That anti-patent pamphlet I mentioned

Xavi Drudis Ferran xdrudis at
Wed Dec 11 23:42:25 UTC 2002

El Wed, Dec 11, 2002 at 01:06:56PM +0100, Arnoud Galactus Engelfriet deia:

> Yes. But I think it is important to make a distinction between the
> information and machines built according to the information.

Yes it is important. But you can't make that distiction with 
software. As long as all your novel and inventive stuff is 
software, the information and the machine are the same. 
That's why you can't patent software, because you can 
publicize information and monopolize it at the same time, 
and with software, machine = software = information. 

If you have novel and inventive features in the use of 
forces of nature, not logical but physical, then you 
can patent that and I don't care if you use software or not
because you won't patent software but some technical invention 
and the software will still be usable elsewhere, and I don't 
care whether you describe your technical invention with 
prose, verse, equations, drawings, software or a combination. 

> > Therefore, patents on software prevent the dissemination of 
> > the standard.
> You can still distribute the textual description of the standard.
> This does lead to absurd situations, I'll give you that. Just like
> with the U.S. crypto laws, where you can safely export a printed
> version of a computer program but not the same program on a record
> carrier.

Absurd indeed. 
> > > I don't understand this. Are you saying that patents on hardware
> > > implementations of MPEG should also not be permitted?
> > 
> > Exactly, since hardware implementations of MPEG don't disclose new
> > insights into the uses of forces of nature... 
> I don't know that. Manipulating EM signals seems like using forces
> of nature in a controllable manner. 

It depends. If the manipulation is ADC + multiplying by two in an FPU + DAC, 
I say it isn't, we already know how to build circuits for that, 
and we know what happens to a signal multiplied by two. 

If you discover a new quartz crystal that will changed phase of
signal by 10% then it's probably patentable. 
> > see Dispositionsprogramm.
> You're citing overturned law. This view on patentability has been
> abandoned by the German Supreme Court.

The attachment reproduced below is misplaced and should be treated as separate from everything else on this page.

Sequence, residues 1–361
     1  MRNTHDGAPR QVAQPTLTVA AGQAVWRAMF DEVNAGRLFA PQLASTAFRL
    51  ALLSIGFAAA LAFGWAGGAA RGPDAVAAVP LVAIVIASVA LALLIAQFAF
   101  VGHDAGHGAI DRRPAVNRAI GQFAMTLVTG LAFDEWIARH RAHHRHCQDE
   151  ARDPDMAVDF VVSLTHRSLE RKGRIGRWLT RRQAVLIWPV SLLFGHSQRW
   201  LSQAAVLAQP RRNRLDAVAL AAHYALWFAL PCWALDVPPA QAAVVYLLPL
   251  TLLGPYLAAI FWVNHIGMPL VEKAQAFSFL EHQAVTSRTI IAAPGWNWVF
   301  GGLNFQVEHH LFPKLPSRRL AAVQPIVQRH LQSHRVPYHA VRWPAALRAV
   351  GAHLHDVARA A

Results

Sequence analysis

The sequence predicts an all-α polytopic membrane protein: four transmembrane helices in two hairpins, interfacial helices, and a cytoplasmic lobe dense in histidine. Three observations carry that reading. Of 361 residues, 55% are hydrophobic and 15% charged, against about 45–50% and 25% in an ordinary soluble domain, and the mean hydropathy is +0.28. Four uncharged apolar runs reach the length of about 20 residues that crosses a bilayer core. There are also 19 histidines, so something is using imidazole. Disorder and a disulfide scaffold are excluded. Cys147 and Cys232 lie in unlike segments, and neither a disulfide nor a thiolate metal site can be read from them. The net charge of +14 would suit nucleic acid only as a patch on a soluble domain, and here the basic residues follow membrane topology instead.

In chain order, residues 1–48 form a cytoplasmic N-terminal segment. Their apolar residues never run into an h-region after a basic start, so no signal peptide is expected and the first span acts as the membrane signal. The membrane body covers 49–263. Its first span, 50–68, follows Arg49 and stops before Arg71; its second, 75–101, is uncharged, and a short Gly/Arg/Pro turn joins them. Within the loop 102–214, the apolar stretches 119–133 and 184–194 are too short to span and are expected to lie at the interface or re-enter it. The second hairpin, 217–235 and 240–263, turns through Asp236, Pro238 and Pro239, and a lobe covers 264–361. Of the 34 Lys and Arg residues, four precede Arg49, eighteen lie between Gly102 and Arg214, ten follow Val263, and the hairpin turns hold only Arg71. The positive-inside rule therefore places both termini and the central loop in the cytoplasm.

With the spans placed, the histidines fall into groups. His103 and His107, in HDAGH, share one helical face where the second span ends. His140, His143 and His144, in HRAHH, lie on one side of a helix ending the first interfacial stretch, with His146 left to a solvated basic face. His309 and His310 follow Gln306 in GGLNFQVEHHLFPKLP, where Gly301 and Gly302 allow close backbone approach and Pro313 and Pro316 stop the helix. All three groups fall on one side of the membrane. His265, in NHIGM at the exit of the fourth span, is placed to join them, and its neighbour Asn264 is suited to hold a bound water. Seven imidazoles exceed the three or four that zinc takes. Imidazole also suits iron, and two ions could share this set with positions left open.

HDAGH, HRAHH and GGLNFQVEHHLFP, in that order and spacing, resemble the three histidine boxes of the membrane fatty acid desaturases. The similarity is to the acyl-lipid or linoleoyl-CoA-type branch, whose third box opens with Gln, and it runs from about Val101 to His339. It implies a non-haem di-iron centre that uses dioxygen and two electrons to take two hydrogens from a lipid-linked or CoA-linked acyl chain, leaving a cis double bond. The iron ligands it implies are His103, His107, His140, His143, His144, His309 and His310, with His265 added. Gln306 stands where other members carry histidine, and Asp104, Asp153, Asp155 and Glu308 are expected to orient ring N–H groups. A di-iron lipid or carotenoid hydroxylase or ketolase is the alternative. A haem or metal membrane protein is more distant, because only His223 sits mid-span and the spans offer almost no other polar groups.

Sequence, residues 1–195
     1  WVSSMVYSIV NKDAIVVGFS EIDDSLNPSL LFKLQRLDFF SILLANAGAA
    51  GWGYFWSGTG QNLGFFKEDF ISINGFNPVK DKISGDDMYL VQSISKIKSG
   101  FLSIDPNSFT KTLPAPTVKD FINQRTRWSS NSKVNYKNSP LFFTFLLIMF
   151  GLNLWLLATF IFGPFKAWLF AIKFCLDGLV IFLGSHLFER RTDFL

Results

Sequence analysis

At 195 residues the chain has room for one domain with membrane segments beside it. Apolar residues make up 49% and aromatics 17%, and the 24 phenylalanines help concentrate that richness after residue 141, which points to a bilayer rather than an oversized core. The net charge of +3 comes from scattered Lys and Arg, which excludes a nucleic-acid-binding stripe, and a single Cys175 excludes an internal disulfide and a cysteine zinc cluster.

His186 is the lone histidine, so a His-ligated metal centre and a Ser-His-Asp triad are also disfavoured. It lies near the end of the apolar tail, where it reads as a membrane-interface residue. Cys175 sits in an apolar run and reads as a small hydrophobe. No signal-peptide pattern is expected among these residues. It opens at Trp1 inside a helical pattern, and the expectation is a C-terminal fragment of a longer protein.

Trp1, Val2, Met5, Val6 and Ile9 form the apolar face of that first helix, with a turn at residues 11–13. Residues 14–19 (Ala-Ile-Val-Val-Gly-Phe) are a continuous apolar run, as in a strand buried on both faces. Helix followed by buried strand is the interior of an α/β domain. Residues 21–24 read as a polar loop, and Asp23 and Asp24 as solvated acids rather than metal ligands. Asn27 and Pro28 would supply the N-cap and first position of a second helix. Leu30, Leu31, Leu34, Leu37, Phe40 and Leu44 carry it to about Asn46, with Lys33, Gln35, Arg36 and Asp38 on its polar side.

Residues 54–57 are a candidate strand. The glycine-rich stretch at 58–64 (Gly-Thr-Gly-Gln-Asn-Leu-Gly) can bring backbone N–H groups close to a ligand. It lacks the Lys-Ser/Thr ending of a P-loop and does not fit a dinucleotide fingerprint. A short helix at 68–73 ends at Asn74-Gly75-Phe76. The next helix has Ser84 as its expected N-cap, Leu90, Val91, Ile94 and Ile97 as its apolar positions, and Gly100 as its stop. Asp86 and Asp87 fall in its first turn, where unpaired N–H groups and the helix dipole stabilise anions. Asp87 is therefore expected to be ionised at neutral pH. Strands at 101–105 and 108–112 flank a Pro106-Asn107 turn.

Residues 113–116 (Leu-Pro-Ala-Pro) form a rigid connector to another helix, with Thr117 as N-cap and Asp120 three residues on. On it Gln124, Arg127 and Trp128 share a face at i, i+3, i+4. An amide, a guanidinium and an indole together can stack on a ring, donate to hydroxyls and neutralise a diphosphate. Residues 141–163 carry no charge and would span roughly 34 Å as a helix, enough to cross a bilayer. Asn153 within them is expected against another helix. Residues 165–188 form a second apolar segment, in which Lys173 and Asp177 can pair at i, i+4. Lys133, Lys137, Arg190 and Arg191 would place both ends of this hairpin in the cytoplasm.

That's the German Supreme Court. I cite a case that is pure common sense 
an a coherent interpretation of the law. I don't want to repeat my rant
on lawyers vs citizes and wrong courts having to be corrected. 

> > > The counter argument would be that without the prospect of using
> > > patents to get revenue from MPEG 4 implementers, the MPEG 4 drafters
> > > would not have made the investments to develop the standard in the
> > > first place. My company certainly wouldn't have.
> > 
> > Some other would. All economic studies show the incentives are there. 
> Not if there isn't a way to recover the investments. You can
> do that with NDAs too, but that doesn't help public standards.

The way to recover investment in software in being first to market, 
and being knowledgeable in your field. In software there are only 
two ways to compete: 
- having a monopoly
- innovating
In manufacturing you can compete by costs of raw materials, distribution 
channels, production capacity, etc. 

In software the marginal costs are the same for everybody, you won't 
be successful with your program if it doesn't something new or does 
it better. 

So don't tell me there's no incentive to innovate, because innovate 
is what programmers do for a living. Setting up patents to incentivate
innovation in knowledge economy is like granting monopoly for tightening
bolts in industrial economy. 

If you just take a hardware business model and apply to software, 
little wonder it can fail, but then don't go saying you need patents 
to solve your mess (specially when patents can also bite your company). 
> > The strong incentive of a patent can only be justified for very 
> > expensive research invoving experiments with expensive equipment 
> > in laboratories, clinical trials, etc. 
> This is exactly what's involved when doing signal processing. You
> need testing, measuring, prototype chip development, more testing,
> experiments with human listeners/viewers and so on.

I grant you that lossy compression is a little a borderline case,
since you need insight in human perception, and may need
experimentation for that. I'm no expert but I'm told that this
insights in human perception are old, and the innovation lies in
logical deduction from that knowledge (if so it shouldn't be
patentable). Possibly I'd have to look at a specific patent to build an
opinion on its patentability. But if a state of the art computer with 
state of the art input/output devices, can perform the function 
you claim, with jsut a new program on it, it cannot be the kind of 
expensive research in laboratories I was refering to. 

On the other hand, you also need testing, measuring, prototype chip development
 for non-inventive circuit design, although much less than for inventing 
a new transitor. So this alone is no warranty of having a technical 
contribution = an invention.  

Software testing or usability tests do not count as the
experimentation I was refering to in order to justify a patent (but
please note I don't mean the experimentation is the criteria. The
experimentation is the justification for having a criteria that is the
new teaching on use of forces of nature). All software is usually
tested, just as you check mathematical calculations (after dividing
you multiply the divisor by the result and add the remainder to
check), or profread texts after writing them, and that does not render
software, math or literature patentable

Xavi Drudis Ferran
xdrudis at

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